Jewelry's Independent Women

This year marks Solange Azagury-Partridges 25th anniversary as a designer. Known for her colorful gems and playful, conceptual approach, the London jeweler celebrated the occasion with the Everything collection, which she describes as a little bit more of everything Ive ever done.From spinning diamond cogs and fantastical creatures to rings that tell a story in precious stones and colored enamel, Ms. Azagury-Partridges jewelry is not mere decoration but wearable art that provokes thought, and frequently a smile.The former Boucheron creative director is a veteran among a growing group of independent female designers who have turned their passion for jewelry into successful businesses, creating the heirlooms of tomorrow.Unlike their male counterparts who until recently dominated the independent market, these female jewelers have the advantage of understanding from personal experience what women want to wear.Lisa Hubbard, chairman of North and South America for Sothebys international jewelry division, says that their progress coincides with more female jewelry buyers than ever before. Given that more and more women today have independent means and are vying for jewelry for themselves, it makes sense that women would successfully design jewels that other women want to wear, she said.Ms. Azagury-Partridge, after being burnt in the past by investment partnerships gone awry, is determined to develop her business on her own terms. I want to get as small as I can, and I want to work in my own way. With independence comes freedom, she said.Aside from her exuberantly decorated Mayfair flagship store, which the designer and friend Tom Dixon describes as a magic kingdom, she has just two other stores now, one in New York and one in Paris. She has closed several other stores and is looking for alternative ways to expand, without the expense of new stores.In October, she released her second collaboration with Amazons British website. The e-commerce giant is offering an exclusive sterling silver and lacquered version of her signature Hotlips ring design for 69 pounds, or about $104. The original gold and enamel version, first designed in 2005, and which sells for more than $2,300, is one of the jewelers best sellers.The designer said the Amazon version, available in six colors, is selling well and may soon appear on Amazons American site. The seasonal changes demanded by online jewelry sales are at odds with the long lead time needed for her precious jewelry collection, so the rings sales are a way for me to do wholesaling and to make my jewelry available to a much wider audience, she said.Carolina Bucci is another jewelry designer experimenting with ways to expand her business. Fifteen years after starting her self-named 18-karat gold collection, the jeweler, who was raised in Italy and is based in London, is planning to introduce Caro, a silver jewelry brand, in the latter half of 2016.Catering to a younger, fashion-focused customer, it will have seasonal collections and is expected to sell for prices between $150 and $2,500. (Her fine jewelry ranges from $950 to $100,000).Caro, which uses Ms. Buccis nickname, will have the same spirit as her original brand but will be built on a different business model. I dont want more than four or five Carolina Bucci stores, as I want to retain that sense of exclusivity, but Caro is a brand I envisage having lots of different stores and retailers, she said.Wearability will remain the key issue, though. Born into a family of Florentine jewelers, Ms. Bucci says she was never allowed to wear costume jewelry growing up, and found that the fine jewelry she could wear was too traditional for her tastes. I wanted to make fine jewelry that was true to my family heritage, yet also fun and relevant to my own life, she said.For her, designing jewelry is a personal endeavor. Unlike the elaborate jewels she remembers her mother wearing when she was a child, her concept is to create easy but luxury pieces that can be worn all day, whether dealing with work, children or an evening out. Our lives are so different these days, she said.A turning point for the designer came when she opened her own store in the Belgravia area of London in 2007. Until that point Id never actually met my clients really, she said. The business definitely grew after opening the store.The store allowed her to display her entire range, and she became inspired by the women who came in and became loyal customers who are now evolving with me, she said.Irene Neuwirth agrees that opening her own store on Melrose Place in Los Angeles last year has been pivotal to her companys development. Our business has increased everywhere because of the store. Its an incredible branding tool, she said.Having been among Barney New Yorks top-selling jewelry designers since introducing her colorful, feminine collection in 2003, Ms. Neuwirth says it is her relationships with the store owners who sell her jewels, and with the female customers who collect them, that has fueled her success.Ive built my business by building amazing friendships, she said. I feel thats a very specific way women have of doing business, which, in the personal world of jewelry, gives them an advantage.Ms. Neuwirths clients frequently buy a piece after seeing the designer wearing it. Acting as a billboard for ones own jewelry is not something so easily achieved by a male designer, and Suzanne Syz believes that female designers also have the advantage of understanding what feels good.We know what fits. I wear my designs to see if theyre comfortable. Weve all had jewelry in the past that was too heavy, the Swiss designer said.Ms. Syzs colorful, one-of-a-kind haute jewelry is frequently inspired by art and marries fine craftsmanship with whimsy. Her tiny atelier in Geneva only produces around 25 pieces a year, and in New York last month, she announced her first watch.Called Her Ben, this limited-edition, bejeweled mystery watch was inspired by Big Ben in London, and took two years to complete. The watch has two faces, both realized in diamonds and a choice of rose or white gold or black titanium. Time literally stands still on the outside cover face, while the one inside is the real watch. The inscription opposite reminds the wearer: You may delay, but time will not.Ms. Syz says her select clients, primarily in Europe and the United States, many of whom are art collectors like herself, find traditional jewelry too staid and appreciate her mix of haute jewelry and tongue-in-cheek style.Cindy Chao also approaches jewelry as art, and the wonders of nature are her chief inspiration. She carves her miniature sculptures in wax, then has them realized in gold, titanium and precious stones at her workshops in Geneva, Paris and Lyon, France. She produces only 12 to 20 pieces a year.Her Black Label Masterpiece No. II Fish brooch took three years to complete. It is a large, glowing emerald representing the cheek of a puffer fish, and the surface is covered with more than 5,000 diamonds and sapphires. (Some pieces from the collection sell for $10 million.)The Taiwanese designer says her business now is roughly 65 percent in Asia, 20 percent in the Middle East and 15 percent in the United States and Europe. She opened a luxurious Hong Kong showroom this past spring, and is transferring her headquarters there from Taipei in an effort to establish herself in an international finance center with a more promising customer base.Despite the continued downturn in the Chinese economy, which has led many international luxury brands to close stores in the city, she believes serious jewelry collectors passing through Hong Kong are always looking for something unique. There is still great demand from the real collectors if they see investment value, she said.For Ms. Chao, the first Taiwanese jeweler to have her work become part of the permanent collection of the Smithsonian Institutions National Museum of Natural History, growing her business is important but should not come at the expense of creating the perfect jewel: Product is key. Scale doesnt matter.I sometimes ask myself: Is this a business? Is this art? Is it for myself? Ms. Chao said. I need to focus on making the best jewelry I can, on surprising people and making them see how jewelry can be art.THE DESIGNERSSOLANGE AZAGURY-PARTRIDGELondonSolange Azagury-Partridge was working at a 20th century antique dealer in London when, disappointed by the engagement ring choices available, she designed her own. The resulting ring was so admired by friends and acquaintances that she introduced her own brand in 1990. In 2002 she was selected by Tom Ford to become creative director at Boucheron in Paris, an experience she describes as like attending the Oxbridge of jewelry design. Known for her jewelrys combination of color, sensuality and wit, she is in discussions with a London museum to curate a 2017 exhibition that will raise jewelrys profile as a serious art form.CAROLINA BUCCILondonIn 1885, Carolina Buccis great-grandfather opened a store repairing pocket watches in Florence. The family business evolved to become a manufacturer of fine gold jewelry, and now its workshops produce all of Ms. Buccis collections. Mixing traditional techniques with modern designs such as her signature woven-gold and silk thread friendship bracelets, the designer spends her time in London, Italy and New York, where her mother was born and where she started her business. With celebrity clients such as Victoria Beckham and Gwyneth Paltrow, she has developed an international following for luxurious jewels that are distinctive yet easy to layer with other pieces.CINDY CHAOHong KongCindy Chao grew up in Taiwan surrounded by creativity, the daughter of a sculptor and granddaughter of a famous architect. She launched Cindy Chao The Art Jewel in 2004 and has always approached her jewelry as miniature 3-D sculptures with minuscule detailing and a sense of light and balance. With a less-is-more philosophy of production, she only creates one of her signature butterflies every year and they have quickly become collectors items. The Ballerina Butterfly brooch, designed with Sarah Jessica Parker, was sold at Sothebys in October 2014 for $1.2 million, with $300,000 of the proceeds benefiting the New York City Ballet.IRENE NEUWIRTHLos AngelesIrene Neuwirths bold, luxurious statement pieces in a rainbow of gems including opal, turquoise and tourmaline are a red carpet favorite, worn by the likes of Reese Witherspoon, Naomi Watts and Lena Dunham. Known for the interior design of her home in the Venice section and her store at Melrose Place in Los Angeles, she has been approached to become a lifestyle brand but is determined to focus on jewelry. I want to be a household name, and to have my jewelry passed down from generation to generation, said Ms. Neuwirth, who won the 2014 CFDA Swarovski Award for Accessory Design. As her boyfriend, the Lego Movie director Phil Lord, decamping to London in 2016 for his next project, Ms. Neuwirth said she is looking forward to an opportunity to grow her international profile.SUZANNE SYZGenevaSuzanne Syz started creating her own pieces after finding traditional haute jewelry too outdated for her tastes. An avid modern art collector, her work was influenced by her friends Andy Warhol and Jean Michel Basquiat, whom she met while living in New York in the 1980s. Now based in Geneva, her perfectionist approach to her creations meant it took five years to complete her first collection and she continues to produce a very limited number of pieces. Her latest creation and first watch, Her Ben, took two years to complete and, unusually for a jewelry watch (they are normally quartz-powered), it has a mechanical movement from by Vaucher, one of haute horlogeries finest manufacturers.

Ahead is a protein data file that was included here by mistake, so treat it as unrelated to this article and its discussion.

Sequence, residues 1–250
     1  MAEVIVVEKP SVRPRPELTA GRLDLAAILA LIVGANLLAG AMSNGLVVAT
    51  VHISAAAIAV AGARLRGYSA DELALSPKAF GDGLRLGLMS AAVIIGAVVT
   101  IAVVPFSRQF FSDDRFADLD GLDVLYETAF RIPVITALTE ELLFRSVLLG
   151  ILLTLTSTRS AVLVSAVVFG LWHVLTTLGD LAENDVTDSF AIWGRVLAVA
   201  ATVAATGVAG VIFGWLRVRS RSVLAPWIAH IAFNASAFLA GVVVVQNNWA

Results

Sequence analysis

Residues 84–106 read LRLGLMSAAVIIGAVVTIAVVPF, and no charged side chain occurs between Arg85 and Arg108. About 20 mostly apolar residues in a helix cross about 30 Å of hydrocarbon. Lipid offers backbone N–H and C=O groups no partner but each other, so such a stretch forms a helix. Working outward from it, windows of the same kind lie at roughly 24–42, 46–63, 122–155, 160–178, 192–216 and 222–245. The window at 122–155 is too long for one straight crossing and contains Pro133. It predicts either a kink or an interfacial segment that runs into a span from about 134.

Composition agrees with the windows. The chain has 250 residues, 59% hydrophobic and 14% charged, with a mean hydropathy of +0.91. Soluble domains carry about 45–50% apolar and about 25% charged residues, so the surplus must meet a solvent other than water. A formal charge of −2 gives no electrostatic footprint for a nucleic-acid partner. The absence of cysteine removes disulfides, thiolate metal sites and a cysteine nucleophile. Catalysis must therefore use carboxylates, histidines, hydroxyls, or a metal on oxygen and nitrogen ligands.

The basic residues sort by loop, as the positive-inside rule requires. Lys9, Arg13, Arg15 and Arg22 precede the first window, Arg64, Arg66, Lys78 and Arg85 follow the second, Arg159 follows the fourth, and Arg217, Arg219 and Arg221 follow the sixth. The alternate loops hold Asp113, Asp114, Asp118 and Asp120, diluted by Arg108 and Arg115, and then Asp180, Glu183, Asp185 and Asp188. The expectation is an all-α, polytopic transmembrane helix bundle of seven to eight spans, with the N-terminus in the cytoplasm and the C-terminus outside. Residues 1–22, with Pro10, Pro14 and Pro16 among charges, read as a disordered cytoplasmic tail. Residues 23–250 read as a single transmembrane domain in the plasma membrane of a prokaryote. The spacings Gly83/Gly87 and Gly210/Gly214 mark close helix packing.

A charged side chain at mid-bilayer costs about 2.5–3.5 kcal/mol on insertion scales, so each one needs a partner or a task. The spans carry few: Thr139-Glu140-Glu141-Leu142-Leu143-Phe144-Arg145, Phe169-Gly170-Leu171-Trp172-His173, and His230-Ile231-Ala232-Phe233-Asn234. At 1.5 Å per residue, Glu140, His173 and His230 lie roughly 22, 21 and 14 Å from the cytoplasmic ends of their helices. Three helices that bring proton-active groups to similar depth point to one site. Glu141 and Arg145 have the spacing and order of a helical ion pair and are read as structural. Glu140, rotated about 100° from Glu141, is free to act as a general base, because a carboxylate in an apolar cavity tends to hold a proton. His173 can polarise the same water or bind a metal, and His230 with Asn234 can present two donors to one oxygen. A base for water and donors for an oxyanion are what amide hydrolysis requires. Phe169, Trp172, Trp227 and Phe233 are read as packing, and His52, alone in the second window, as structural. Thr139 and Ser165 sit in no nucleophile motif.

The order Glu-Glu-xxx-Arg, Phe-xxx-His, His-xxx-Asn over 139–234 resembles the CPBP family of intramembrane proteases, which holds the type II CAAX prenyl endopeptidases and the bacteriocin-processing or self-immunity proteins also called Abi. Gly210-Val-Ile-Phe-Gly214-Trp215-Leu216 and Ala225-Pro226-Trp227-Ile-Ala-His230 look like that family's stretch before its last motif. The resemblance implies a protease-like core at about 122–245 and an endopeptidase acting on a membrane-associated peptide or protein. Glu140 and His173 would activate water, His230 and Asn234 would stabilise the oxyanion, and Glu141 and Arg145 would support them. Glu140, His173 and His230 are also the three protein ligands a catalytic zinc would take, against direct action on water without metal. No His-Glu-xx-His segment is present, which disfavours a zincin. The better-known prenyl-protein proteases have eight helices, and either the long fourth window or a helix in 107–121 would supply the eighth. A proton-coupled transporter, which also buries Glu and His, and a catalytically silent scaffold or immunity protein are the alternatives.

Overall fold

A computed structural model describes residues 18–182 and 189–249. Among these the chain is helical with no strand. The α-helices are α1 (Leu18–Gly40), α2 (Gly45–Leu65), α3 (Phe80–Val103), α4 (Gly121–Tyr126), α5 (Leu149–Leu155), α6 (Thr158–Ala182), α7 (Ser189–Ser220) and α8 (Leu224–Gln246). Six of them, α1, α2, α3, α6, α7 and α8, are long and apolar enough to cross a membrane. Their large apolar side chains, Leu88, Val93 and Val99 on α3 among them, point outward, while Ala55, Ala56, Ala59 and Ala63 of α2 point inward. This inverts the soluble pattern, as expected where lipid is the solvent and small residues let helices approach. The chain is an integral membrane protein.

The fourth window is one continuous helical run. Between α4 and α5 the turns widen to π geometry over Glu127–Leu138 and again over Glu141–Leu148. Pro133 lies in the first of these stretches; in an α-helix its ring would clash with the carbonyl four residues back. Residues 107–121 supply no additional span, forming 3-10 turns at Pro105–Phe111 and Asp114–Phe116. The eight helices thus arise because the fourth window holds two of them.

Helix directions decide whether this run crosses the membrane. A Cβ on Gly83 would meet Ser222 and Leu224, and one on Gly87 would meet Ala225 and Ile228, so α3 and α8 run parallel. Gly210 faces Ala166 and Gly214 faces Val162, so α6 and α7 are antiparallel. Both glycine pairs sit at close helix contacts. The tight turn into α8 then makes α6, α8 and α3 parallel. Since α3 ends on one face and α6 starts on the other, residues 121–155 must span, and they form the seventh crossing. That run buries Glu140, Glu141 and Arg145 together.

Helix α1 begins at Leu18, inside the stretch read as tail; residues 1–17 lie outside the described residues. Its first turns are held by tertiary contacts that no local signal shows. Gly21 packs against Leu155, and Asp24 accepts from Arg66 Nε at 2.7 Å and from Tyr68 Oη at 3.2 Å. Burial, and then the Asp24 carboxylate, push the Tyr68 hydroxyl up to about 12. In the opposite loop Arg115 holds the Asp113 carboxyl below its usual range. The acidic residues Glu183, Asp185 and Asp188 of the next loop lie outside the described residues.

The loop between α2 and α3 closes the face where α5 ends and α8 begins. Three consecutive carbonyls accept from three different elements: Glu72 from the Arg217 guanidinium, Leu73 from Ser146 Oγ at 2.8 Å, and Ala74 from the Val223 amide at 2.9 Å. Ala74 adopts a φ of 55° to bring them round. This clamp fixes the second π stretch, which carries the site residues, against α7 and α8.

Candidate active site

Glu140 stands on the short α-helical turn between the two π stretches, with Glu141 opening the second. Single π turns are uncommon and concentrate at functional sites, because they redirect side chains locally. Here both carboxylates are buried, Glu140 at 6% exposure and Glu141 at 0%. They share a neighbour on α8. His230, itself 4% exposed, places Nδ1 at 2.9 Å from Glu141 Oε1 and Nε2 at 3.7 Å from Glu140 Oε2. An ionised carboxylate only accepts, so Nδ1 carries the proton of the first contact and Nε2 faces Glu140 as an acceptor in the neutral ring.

Jewelry's Independent Women 1